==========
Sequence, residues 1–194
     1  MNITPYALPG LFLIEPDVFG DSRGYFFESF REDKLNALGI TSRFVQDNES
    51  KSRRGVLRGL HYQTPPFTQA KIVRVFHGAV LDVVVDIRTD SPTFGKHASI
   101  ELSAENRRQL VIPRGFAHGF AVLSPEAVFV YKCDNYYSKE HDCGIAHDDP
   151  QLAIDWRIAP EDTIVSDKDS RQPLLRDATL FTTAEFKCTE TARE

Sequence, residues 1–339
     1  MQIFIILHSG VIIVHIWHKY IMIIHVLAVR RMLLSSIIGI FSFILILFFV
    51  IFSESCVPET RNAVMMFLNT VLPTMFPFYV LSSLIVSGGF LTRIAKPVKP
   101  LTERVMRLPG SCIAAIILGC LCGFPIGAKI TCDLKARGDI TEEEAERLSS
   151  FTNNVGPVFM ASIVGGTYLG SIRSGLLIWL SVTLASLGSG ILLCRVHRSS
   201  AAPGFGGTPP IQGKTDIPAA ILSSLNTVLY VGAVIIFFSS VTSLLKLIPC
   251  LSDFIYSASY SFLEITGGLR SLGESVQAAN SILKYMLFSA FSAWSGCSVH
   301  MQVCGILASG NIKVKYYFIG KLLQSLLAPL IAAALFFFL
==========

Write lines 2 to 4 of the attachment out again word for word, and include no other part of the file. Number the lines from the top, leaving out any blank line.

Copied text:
     1  MNITPYALPG LFLIEPDVFG DSRGYFFESF REDKLNALGI TSRFVQDNES
    51  KSRRGVLRGL HYQTPPFTQA KIVRVFHGAV LDVVVDIRTD SPTFGKHASI
   101  ELSAENRRQL VIPRGFAHGF AVLSPEAVFV YKCDNYYSKE HDCGIAHDDP